Edinson Cavani's late winner earns PSG a narrow advantage over Chelsea
PARIS -- Three thoughts on Paris Saint-Germain's 2-1 win against Chelsea in the first leg of the Champions League round of 16 on Tuesday.
1. PSG win but Courtois saves Chelsea
For the first 20 minutes it appeared as though the Parc des Princes would witness a total mismatch and, at times in the second half, it threatened to become a rout. But after it all, the hosts managed just the narrowest of victories, thanks largely to Chelsea goalkeeper Thibaut Courtois.
The Belgian was tested only by Marco Verratti's low drive during the early Paris Saint-Germain onslaught, as the massed ranks of Chelsea defenders in front of him at least did a good job of forcing the home side to shoot from distance, even if the visitors rarely ventured outside of their own half.
Chelsea weathered the storm, displaying a calmness and discipline reminiscent of last season's Premier League title run, and began to find ways to pass their way into space. Much of the pre-match talk centred around how much Nemanja Matic would be missed at the base of midfield, but Cesc Fabregas' superior vision proved invaluable as the visitors gradually gained a foothold.
Kevin Trapp made a remarkable save with his trailing hand to direct Diego Costa's bullet header onto the crossbar and, by the time Zlatan Ibrahimovic's deflected free kick gave PSG the lead on 39 minutes it felt undeserved.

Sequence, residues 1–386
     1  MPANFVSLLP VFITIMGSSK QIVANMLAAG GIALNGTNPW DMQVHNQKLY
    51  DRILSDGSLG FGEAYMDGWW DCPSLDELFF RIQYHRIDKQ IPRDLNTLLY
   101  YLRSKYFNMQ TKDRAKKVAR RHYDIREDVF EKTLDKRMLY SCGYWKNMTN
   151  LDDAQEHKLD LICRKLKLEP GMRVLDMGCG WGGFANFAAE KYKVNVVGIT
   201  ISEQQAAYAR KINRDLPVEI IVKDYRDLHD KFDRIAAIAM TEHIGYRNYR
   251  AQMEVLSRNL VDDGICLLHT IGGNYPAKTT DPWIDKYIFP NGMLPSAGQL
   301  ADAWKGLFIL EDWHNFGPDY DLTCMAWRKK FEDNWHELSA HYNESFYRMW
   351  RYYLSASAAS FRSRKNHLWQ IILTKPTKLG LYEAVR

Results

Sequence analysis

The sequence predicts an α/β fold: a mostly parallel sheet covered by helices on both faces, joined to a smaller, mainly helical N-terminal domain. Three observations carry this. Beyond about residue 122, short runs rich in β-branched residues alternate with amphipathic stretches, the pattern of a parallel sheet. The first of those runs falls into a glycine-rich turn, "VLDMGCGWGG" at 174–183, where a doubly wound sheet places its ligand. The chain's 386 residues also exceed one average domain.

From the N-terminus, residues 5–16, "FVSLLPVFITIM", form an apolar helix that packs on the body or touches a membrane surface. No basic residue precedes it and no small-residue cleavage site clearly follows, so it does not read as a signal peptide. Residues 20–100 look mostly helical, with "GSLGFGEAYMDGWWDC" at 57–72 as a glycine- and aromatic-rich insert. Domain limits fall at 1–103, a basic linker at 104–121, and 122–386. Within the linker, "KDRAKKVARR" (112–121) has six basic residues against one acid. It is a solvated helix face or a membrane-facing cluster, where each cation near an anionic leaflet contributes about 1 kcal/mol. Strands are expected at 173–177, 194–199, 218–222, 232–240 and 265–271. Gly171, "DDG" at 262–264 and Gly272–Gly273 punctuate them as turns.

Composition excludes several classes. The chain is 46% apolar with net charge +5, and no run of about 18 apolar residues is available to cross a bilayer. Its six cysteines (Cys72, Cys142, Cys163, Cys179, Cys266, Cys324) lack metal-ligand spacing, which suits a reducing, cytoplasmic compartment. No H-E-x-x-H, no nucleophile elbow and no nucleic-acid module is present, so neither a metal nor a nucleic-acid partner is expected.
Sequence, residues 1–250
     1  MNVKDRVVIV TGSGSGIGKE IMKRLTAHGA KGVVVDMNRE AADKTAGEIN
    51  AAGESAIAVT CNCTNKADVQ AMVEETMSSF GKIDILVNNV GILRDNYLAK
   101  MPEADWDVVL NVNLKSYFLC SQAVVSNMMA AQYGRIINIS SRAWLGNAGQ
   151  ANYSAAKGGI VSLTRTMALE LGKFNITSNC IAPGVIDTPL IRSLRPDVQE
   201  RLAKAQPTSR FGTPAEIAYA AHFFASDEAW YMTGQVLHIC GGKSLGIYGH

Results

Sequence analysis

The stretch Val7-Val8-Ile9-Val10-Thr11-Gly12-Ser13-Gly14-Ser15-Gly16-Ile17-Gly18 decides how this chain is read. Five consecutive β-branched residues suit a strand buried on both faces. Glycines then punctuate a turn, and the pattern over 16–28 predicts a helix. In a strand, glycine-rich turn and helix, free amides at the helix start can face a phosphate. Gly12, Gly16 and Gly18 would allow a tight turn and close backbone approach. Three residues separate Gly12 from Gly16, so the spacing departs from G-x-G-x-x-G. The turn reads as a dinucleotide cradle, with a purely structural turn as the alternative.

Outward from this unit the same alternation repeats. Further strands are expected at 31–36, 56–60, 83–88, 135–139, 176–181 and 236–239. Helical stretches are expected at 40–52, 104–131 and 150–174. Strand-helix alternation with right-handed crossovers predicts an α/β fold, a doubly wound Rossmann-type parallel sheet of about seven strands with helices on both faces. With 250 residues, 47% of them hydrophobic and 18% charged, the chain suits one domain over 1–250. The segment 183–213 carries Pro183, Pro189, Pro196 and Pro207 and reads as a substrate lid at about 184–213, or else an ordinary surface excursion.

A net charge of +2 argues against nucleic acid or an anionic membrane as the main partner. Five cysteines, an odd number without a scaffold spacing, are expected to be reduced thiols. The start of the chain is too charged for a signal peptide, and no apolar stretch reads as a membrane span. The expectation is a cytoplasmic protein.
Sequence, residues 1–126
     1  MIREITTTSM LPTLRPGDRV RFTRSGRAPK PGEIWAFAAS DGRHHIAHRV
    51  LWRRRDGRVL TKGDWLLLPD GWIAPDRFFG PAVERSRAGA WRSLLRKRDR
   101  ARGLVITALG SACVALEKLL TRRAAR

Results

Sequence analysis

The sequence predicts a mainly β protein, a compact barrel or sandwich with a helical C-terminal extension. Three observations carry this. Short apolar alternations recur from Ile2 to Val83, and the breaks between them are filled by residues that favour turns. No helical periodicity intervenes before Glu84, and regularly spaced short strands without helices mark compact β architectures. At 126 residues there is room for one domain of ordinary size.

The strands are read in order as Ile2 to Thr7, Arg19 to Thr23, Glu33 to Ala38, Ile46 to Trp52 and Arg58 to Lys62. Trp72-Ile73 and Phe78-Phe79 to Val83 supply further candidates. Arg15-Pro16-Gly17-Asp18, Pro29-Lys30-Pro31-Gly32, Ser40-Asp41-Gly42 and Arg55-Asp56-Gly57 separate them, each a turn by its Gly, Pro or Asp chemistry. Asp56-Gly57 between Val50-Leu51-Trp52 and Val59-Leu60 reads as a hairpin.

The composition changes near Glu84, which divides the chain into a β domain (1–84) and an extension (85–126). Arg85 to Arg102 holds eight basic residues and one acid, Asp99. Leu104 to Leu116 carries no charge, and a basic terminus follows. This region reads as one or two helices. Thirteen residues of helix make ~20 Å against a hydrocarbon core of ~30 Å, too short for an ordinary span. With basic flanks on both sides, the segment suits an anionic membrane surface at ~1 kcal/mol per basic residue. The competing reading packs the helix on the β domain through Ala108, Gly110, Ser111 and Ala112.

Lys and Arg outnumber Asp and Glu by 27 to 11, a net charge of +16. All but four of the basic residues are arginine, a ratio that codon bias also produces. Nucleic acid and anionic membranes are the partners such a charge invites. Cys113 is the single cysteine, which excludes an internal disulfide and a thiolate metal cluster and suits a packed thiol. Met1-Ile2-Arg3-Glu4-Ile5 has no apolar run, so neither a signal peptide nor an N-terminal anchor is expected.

Chelsea made sure it was a short-lived lead as John Obi Mikel, whose deflection wrong-footed Courtois on the hosts' opener, brought down Costa's near-post flick from a corner and lashed in a rare goal with the last kick of the first half.
But when PSG raised the pressure after the break, some of Chelsea's desperate defending evoked memories of rearguard actions at Barcelona and Bayern Munich en route to their 2012 Champions League win.
Courtois stood firm, though, tipping Angel Di Maria's rasping drive over the crossbar and winning a personal duel with Ibrahimovic, who appeared determined to make the difference on what might be his last Champions League run.
In the end substitute Edinson Cavani made the difference when he raced onto an Angel Di Maria through pass and coolly slotted the ball through Courtois' legs from a tight angle. The Chelsea No. 1 deserved a better fate but, were it not for his earlier heroics, his side might be heading back to Stamford Bridge with only pride at stake.
As things stand, the tie remains alive. PSG have the edge but Chelsea manager Guus Hiddink will be encouraged by the way his side played with a measure of freedom and ambition as well as grit and vigilance. But he will be more heartened by the knowledge that he has one of the world's best goalkeepers in his corner.
2. The best and worst of Mikel
Until Tuesday night, Chelsea had won every match in which Mikel had scored. Admittedly six games in 10 years is a limited sample size but the omens appeared good when he smashed in from close range on the stroke of half-time.